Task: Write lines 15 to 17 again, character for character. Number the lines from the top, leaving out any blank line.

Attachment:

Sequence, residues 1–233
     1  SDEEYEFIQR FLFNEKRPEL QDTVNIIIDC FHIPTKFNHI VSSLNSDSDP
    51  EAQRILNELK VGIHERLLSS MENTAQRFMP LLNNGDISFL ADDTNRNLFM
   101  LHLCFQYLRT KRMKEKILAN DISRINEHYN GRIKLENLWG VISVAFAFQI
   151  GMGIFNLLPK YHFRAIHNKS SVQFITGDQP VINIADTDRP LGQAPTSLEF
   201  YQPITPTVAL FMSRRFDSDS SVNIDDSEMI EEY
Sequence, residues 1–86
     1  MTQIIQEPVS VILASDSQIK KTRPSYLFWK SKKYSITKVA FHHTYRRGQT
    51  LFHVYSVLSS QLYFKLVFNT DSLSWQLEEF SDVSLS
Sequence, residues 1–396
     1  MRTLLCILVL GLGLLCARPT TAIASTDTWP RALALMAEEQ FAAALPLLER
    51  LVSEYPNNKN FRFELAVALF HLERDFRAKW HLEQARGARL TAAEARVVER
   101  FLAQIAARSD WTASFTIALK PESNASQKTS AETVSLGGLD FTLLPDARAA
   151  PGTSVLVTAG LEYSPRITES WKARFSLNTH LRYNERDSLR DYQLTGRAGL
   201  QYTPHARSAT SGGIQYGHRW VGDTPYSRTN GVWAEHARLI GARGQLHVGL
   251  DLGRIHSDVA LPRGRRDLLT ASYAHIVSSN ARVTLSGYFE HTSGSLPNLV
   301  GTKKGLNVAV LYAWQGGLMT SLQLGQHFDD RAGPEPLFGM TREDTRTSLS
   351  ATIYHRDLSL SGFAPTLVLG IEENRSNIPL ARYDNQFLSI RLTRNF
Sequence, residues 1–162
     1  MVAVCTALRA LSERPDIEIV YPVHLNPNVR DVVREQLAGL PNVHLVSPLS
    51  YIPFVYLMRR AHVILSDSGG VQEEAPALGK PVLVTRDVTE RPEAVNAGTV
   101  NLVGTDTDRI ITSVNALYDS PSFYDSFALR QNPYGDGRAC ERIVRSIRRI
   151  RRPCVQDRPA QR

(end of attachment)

   201  QYTPHARSAT SGGIQYGHRW VGDTPYSRTN GVWAEHARLI GARGQLHVGL
   251  DLGRIHSDVA LPRGRRDLLT ASYAHIVSSN ARVTLSGYFE HTSGSLPNLV
   301  GTKKGLNVAV LYAWQGGLMT SLQLGQHFDD RAGPEPLFGM TREDTRTSLS